Understanding site formation processes, human occupation and environmental change at Mertenhof rock shelter, South Africa

Author: Alanah Bainbridge

  • Thesis download: available for open access on 15 Feb 2025.

Bainbridge, Alanah, 2023 Understanding site formation processes, human occupation and environmental change at Mertenhof rock shelter, South Africa, Flinders University, College of Humanities, Arts and Social Sciences

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This thesis explores the sedimentary properties of Mertenhof rock shelter, situated in South Africa. Methods including particle size and shape, magnetic susceptibility, loss on ignition and elemental analysis provided more information about the climate mechanisms operating over a period of >150 ka. The results showed how these events affected the formation of the site. The analysis identified that Mertenhof’s deposition history was impacted by at least three large scale climate events that contributed to the formation of the site. These climate events – the last glacial maximum (LGM), LGM/Marine Isotope Stage (MIS) 3 transition, MIS 3/4 transition, MIS 5 and possibly MIS 6 – register at Mertenhof as small oscillations in the grain size and magnetic susceptibility results. For example, the LGM is defined by finer grained sediment that is associated with the onset of aeolian deposition, as supported in the regions paleoenvironmental data. Fine grains are replaced by coarser sediment during later MIS 3, linked with cool and wet conditions and the onset of internal erosion. A peak in magnetic susceptibility (interpreted here as anthropogenically induced) during MIS 3 supports the findings of Williams (2017) and reiterates that Mertenhof was occupied during this time. The MIS 3/4 transition is marked by a decline in magnetic susceptibility values, describing a period of harsh glacial conditions during MIS 4 that increased the percentage of internal erosion.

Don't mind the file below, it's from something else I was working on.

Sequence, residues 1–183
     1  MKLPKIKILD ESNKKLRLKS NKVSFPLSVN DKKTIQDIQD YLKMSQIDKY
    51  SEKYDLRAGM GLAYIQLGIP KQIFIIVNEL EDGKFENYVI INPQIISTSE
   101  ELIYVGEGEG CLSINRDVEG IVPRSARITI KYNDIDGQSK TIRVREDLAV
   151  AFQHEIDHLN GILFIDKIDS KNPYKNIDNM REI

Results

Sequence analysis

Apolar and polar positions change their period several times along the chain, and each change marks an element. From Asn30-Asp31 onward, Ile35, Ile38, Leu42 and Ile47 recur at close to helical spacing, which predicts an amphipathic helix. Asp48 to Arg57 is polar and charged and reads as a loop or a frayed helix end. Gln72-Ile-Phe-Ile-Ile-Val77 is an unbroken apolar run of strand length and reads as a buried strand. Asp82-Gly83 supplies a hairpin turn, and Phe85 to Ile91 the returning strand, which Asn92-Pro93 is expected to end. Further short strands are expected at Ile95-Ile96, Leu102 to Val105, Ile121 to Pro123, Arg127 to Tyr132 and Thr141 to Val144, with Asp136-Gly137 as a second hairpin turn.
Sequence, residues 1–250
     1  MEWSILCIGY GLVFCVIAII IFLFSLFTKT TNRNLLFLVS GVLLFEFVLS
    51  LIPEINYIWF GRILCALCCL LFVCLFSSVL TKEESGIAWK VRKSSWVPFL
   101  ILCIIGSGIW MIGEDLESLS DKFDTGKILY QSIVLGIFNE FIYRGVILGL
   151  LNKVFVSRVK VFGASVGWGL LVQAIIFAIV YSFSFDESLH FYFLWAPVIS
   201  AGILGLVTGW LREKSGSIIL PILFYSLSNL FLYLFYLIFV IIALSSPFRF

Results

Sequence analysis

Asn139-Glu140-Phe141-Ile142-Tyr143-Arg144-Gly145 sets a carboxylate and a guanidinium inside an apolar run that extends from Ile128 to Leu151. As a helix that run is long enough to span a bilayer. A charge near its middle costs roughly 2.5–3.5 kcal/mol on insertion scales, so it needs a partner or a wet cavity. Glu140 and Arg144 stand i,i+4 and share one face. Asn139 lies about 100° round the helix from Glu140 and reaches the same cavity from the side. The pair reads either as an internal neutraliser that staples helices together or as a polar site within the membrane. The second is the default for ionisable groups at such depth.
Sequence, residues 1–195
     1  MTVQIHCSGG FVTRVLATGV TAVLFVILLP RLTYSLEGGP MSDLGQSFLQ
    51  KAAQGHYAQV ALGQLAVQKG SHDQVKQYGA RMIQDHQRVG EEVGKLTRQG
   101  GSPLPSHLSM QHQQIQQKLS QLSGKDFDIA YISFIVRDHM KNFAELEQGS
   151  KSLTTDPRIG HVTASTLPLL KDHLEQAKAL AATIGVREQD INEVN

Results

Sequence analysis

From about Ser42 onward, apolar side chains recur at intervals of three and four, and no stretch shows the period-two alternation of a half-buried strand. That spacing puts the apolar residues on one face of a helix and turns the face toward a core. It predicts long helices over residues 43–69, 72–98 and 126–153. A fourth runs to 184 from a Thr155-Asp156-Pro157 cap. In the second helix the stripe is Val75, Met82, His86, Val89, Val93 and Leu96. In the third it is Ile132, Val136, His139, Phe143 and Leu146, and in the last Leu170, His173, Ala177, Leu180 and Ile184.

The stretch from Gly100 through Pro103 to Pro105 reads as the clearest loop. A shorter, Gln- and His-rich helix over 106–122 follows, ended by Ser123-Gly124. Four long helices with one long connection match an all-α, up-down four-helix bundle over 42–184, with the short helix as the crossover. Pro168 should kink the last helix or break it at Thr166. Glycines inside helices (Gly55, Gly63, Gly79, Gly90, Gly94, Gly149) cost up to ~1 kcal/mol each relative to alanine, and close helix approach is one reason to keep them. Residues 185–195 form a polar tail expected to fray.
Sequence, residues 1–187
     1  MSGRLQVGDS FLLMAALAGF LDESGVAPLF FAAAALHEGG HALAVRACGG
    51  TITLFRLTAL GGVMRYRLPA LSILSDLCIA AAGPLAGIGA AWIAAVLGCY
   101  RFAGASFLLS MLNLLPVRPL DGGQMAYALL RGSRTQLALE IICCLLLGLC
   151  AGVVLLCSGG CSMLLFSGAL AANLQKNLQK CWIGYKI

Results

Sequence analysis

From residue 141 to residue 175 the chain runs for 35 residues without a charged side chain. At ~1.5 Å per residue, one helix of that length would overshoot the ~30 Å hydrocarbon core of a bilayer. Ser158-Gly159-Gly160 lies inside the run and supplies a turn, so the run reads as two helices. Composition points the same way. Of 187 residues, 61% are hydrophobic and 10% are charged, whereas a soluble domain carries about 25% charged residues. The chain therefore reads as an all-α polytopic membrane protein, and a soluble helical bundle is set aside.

Keywords: South Africa, Mertenhof, climate mechanisms, site formation

Subject: Archaeology thesis

Thesis type: Masters
Completed: 2023
School: College of Humanities, Arts and Social Sciences
Supervisor: Ian Moffat